RALEIGH — Jim Duncan, the chairman of the Chatham County Republican Party, said Wednesday that he is beginning an exploratory effort to challenge 2nd District Republican Renee Ellmers in a primary next year.
Duncan, a retired computer industry leasing executive, didn’t offer any direct criticism of Ellmers, but he said there was “a craving for leadership.”
He said he would spend the next month talking to people across the district about a possible congressional bid before deciding to run. The primary is scheduled for May.
“Many representatives are building a career and look upon it as changing their station in life,” Duncan said. “That as a citizen is a concern. I think we got it backwards. I wouldn’t speak to any specifics concerning Renee. But I have a concern about how our representatives across the board are doing at this point.”
Duncan, 65, is the son of a New York police detective who was born in South Carolina. He has become heavily involved in Republican politics, helping rebuild the Chatham County GOP in recent years. He is also a co-founder of the Coalition for American Principles, a nonpartisan group active in 2010 to help elect conservatives in Chatham, Orange and Wake counties.
He said he is prepared to make “a significant commitment” of money to the campaign.
“When I look at a bill I’m going to ask: Is it constitutional?” Duncan said. “Then I’m going to ask what does it cost? Will it give us the return it’s supposed to give us? I am a team player, but a team player doesn’t compromise on principles.”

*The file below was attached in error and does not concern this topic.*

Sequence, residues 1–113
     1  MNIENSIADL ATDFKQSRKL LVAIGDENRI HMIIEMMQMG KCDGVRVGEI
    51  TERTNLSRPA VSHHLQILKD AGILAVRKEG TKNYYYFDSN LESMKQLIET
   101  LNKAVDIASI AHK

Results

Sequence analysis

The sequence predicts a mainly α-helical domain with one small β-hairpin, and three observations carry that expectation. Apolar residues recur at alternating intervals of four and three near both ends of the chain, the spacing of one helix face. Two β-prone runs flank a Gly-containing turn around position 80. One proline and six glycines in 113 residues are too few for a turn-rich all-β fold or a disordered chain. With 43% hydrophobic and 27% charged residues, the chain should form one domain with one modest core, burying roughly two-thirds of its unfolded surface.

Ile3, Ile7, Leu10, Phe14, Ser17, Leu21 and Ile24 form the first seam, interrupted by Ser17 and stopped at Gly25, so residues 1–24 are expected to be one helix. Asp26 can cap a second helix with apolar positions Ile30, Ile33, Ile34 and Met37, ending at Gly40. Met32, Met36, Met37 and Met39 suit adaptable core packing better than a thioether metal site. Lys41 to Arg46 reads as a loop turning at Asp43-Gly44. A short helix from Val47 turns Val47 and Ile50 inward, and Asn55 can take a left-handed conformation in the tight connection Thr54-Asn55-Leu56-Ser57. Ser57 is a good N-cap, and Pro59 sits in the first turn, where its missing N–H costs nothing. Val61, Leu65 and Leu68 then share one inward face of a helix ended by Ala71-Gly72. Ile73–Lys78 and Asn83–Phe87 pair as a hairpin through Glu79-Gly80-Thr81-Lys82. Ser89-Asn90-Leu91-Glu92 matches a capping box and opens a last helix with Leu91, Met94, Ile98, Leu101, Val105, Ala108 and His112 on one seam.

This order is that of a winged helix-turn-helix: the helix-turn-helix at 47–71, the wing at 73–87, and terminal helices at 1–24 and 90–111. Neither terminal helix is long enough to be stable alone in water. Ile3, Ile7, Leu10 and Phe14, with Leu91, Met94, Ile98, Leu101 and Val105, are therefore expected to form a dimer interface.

Duncan has been involved in a number of civic activities including the Upper Room Academy in Raleigh and the Durham Boys and Girls Club.
The 2nd District includes much of western and southern Wake County as well as portions of Alamance, Chatham, Cumberland, Harnett, Hoke, Lee, Moore and Randolph counties.
Ellmers was elected in 2010 with tea party support as an opponent of the Affordable Care Act. But she has been criticized by some tea party figures for not being willing to go far enough to try to block the implementation of the health care law.
On Wednesday, Ellmers participated in a news conference with several other GOP lawmakers in Washington to unveil new legislation to repeal and replace the Affordable Care Act.
She sponsored a bill drawn up by the Republican Study Committee that would be a GOP alternative to the new law – called the American Health Care Reform Act.
The bill would repeal the Affordable Care Act; would allow people to purchase health insurance across state lines; allow small businesses to form insurance pools, institute medical malpractice reform; allow individuals and families to deduct health care costs; expand Health Savings Accounts; and bolster state-based, high-risk pools to help more people with pre-existing conditions get insurance.
“This bill relied on patient-centered solutions while addressing critical reforms,” Ellmers said in a statement.
“Vital improvements to our current health care system have been carefully introduced into this legislation.”
“This is only the beginning as we continue to fight for all Americans and prevent the danger lurking on our doorstep with the implementation of Obamacare set to take effect on Oct. 1,” Ellmers said.
Parts of the Affordable Care Act have already gone into effect, such as the ability of adults to enroll their children on their health insurance policy up to age 26.
Oct. 1 is when enrollment begins for the state insurance exchanges that will take effect Jan. 1.